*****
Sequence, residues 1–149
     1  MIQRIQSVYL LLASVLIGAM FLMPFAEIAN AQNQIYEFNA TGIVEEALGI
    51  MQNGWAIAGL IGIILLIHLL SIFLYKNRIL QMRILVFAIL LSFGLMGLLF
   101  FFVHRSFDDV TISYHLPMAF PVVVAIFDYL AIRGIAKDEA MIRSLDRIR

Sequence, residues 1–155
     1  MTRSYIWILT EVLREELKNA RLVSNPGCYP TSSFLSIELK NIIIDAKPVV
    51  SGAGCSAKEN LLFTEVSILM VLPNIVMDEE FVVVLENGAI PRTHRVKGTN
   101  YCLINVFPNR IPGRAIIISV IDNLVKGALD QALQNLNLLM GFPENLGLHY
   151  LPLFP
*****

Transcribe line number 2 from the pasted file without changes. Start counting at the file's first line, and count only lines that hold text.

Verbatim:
     1  MIQRIQSVYL LLASVLIGAM FLMPFAEIAN AQNQIYEFNA TGIVEEALGI